Its the Supply Chain,
Stupid"> Its the Supply Chain, Stupid In terms of where the money will be spent this year, the phrase that seems to be on everyones lips is "Webification of the supply chain." The premise here is pretty simple, while the execution is immensely complicated: Corporations are beginning to use the Internet to plug directly into the operations of their suppliers and buyers, the idea being that it will eventually be possible to peer directly into the operations of all of a companys major partners to develop, manufacture and ship products to shelves in as close to real-time as possible. This involves much more than building Internet marketplaces, although that is certainly part of the picture. Its about General Motors being able to see into its dealerships to determine which vehicles are going out the door, and being able to look into the production systems of its suppliers to determine how quickly it can replace parts without stockpiling products in inventory.HP, for one, estimated that it saved about $70 million on its various supply chain initiatives this year, and that it could save as much as $400 million in 2001. Beyond the supply chain, analysts and CIOs said they expect there will continue to be a big focus on customer relationship management systems and related intelligence systems to better serve customers, as well as continued investments in data warehouses to support the various e-commerce systems now being implemented. One of the new areas to show up on the radar screen is a focus on B2E or business-to-employee applications. Companies are beginning to realize there are big benefits and cost savings to be gained from creating applications on corporate intranets that allow employees to access their benefits programs and operational programs such as travel and expense management.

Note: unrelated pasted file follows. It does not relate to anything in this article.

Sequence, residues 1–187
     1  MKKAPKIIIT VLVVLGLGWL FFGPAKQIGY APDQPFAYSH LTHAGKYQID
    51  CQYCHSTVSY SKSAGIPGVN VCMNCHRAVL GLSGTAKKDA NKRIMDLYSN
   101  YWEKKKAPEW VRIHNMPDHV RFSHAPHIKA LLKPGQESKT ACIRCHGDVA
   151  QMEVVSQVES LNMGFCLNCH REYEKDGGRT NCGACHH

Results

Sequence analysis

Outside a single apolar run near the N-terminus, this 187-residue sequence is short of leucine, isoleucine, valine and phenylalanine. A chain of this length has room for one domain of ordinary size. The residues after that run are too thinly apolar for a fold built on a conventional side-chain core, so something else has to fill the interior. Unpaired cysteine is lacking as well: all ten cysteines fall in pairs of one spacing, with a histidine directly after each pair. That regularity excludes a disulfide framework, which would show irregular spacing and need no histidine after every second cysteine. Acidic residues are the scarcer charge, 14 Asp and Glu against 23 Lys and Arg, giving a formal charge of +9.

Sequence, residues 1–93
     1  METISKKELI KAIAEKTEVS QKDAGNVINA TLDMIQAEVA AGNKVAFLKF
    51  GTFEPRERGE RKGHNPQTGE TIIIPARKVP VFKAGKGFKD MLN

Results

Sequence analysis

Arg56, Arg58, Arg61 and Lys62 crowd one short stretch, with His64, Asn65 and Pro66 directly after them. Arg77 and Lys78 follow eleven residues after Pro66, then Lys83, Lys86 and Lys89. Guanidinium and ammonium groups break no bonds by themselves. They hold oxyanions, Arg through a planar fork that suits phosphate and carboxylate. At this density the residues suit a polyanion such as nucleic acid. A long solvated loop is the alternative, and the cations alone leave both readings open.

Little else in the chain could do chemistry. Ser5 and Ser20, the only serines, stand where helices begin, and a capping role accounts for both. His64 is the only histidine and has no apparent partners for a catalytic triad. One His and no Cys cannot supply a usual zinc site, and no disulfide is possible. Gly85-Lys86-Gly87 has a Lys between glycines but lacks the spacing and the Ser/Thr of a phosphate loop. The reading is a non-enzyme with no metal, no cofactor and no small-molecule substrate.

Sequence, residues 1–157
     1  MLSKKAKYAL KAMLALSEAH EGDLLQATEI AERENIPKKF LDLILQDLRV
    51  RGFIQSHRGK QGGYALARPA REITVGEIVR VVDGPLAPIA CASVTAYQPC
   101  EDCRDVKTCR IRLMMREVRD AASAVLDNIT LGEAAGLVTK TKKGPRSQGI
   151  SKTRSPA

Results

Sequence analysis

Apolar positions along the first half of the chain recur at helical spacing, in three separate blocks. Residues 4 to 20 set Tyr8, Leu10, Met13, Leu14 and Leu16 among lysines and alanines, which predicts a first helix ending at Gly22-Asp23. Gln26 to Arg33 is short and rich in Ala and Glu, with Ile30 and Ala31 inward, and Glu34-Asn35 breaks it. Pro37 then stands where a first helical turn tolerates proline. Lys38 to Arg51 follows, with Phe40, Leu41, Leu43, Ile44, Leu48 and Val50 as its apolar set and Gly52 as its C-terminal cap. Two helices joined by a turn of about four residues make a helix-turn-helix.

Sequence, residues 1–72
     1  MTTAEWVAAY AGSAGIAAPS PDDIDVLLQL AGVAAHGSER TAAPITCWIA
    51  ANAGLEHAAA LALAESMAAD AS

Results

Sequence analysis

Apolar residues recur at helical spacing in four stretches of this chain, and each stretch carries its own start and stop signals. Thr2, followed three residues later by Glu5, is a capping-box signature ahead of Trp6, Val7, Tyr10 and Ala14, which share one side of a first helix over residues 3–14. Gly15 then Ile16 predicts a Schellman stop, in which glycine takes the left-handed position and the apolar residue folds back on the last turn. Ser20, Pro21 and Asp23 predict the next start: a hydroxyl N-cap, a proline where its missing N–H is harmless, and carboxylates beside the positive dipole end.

The benefits of such systems for companies in sectors as far ranging as aerospace, automotive, consumer products and electronics are enormous. And the early results have been impressive enough to keep the Internet economy rolling despite the larger economic picture.